When it comes to software, should consumers be entitled to the same protections they receive when purchasing physical products?

If two European Commission Commissioners have their way, consumers will.

Commissioners Viviane Reding and Meglena Kuneva are proposing that EU consumer protections applying to physical products be extended to cover software products. Circulated text associated with the proposal states:

Licensing should guarantee consumers the same basic rights as when they purchase
a good: the right to get a product that works with fair commercial conditions.

According to Kuneva, “If we want consumers to shop around and exploit the potential of digital
communications, then we need to give them confidence that their rights are
guaranteed
“. Not surprisingly, however, software makers aren’t thrilled about this prospect.

Francisco Mingorance of the Business Software Alliance told ZDNet UK that “Digital content is not a tangible good and should not be subject to the same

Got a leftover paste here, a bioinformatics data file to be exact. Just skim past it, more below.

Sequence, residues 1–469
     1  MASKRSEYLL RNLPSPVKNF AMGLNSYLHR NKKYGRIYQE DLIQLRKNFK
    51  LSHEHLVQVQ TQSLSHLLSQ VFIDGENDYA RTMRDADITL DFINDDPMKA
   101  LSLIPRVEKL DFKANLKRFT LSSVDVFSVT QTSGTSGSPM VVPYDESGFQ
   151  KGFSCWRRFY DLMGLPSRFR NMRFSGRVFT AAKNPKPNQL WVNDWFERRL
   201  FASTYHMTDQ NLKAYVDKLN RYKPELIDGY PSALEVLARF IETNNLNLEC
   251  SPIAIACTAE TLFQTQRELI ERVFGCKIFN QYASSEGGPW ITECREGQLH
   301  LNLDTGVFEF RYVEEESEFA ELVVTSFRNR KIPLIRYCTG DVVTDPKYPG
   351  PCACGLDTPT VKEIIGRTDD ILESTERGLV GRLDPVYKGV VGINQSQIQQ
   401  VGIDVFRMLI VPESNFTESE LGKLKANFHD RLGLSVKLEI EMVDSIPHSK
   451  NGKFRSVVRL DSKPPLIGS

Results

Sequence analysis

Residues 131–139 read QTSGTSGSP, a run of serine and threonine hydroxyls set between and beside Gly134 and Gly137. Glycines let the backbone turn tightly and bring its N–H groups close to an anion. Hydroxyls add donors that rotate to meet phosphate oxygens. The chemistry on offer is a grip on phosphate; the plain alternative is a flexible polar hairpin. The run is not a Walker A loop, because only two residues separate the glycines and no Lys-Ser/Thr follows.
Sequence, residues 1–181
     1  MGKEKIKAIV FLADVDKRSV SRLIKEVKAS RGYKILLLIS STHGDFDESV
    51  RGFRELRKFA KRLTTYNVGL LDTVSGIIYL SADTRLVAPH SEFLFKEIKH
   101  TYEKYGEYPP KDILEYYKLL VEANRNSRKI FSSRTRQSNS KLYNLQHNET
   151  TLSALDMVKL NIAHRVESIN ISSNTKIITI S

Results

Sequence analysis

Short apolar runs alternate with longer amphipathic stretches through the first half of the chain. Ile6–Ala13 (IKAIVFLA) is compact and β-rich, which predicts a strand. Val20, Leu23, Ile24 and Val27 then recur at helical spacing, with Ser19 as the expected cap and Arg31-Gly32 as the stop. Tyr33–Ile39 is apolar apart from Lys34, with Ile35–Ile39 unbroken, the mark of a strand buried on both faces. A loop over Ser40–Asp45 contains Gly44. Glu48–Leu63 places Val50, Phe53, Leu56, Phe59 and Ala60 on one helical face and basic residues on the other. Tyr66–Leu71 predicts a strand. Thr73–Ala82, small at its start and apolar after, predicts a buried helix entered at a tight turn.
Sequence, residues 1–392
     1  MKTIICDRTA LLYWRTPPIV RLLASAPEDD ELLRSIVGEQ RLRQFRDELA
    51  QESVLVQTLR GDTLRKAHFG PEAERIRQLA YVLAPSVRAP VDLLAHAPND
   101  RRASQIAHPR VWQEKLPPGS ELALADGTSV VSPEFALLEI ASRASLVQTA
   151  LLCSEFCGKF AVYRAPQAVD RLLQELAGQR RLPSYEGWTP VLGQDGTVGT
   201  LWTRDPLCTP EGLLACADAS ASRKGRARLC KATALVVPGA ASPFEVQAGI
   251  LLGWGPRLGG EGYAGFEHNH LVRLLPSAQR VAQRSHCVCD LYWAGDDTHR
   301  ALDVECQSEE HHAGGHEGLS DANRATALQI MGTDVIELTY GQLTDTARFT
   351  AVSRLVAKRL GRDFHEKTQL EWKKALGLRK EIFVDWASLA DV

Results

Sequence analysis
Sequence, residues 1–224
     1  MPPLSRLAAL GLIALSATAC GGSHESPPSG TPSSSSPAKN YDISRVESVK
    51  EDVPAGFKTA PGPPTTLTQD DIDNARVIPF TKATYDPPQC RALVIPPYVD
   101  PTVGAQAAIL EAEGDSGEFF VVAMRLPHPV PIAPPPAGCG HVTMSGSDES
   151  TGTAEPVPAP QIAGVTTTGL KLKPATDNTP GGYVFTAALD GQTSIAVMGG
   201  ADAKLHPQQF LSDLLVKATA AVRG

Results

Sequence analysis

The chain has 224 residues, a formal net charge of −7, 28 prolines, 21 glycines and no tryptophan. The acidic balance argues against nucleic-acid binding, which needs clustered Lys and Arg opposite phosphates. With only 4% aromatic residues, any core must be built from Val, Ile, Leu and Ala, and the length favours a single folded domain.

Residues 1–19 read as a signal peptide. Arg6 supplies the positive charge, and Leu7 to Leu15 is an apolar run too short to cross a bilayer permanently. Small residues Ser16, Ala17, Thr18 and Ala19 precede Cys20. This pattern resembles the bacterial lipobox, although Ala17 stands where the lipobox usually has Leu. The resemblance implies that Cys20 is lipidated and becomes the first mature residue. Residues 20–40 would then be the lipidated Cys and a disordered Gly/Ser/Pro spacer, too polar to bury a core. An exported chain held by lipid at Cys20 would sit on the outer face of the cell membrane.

liability rules as toasters
“. He said that software makers cannot guarantee the “anticipated uses” and “potential performance” of their products. He also noted that the proposal would likely limit consumer choice as license terms would need to be extended to two years to meet the guarantee period.

So who is right? It’s a tricky subject. I’m of the opinion that there is a lot of flawed (if not downright crappy) software floating around out there. Software makers should be forced to take responsibility when they sell software that they know has significant problems and is likely to muck up computers.

At the same time, there are plenty of differences between software and tangible goods. Holding software makers to the same standards as a toaster manufacturer probably doesn’t make sense and there are a lot of things software makers legitimately can’t control when it comes to how their products operate. Making software makers liable for aspects of product use that they can’t control would be a disaster; consumers may even end up paying more for software as software companies boost prices to cover the guarantees they have to make and the potential liabilities they have to shoulder.

Thus, it seems to me that the proposed solution of treating software like a tangible product is about as sensible as trying to fit a square peg into a round hole. By all means the European Commission should look at developing more robust measures for protecting consumers when it comes to software products but proposals should be designed reasonably to match the characteristics of software, not physical goods.

Photo credit: Stuart Chalmers via Flickr.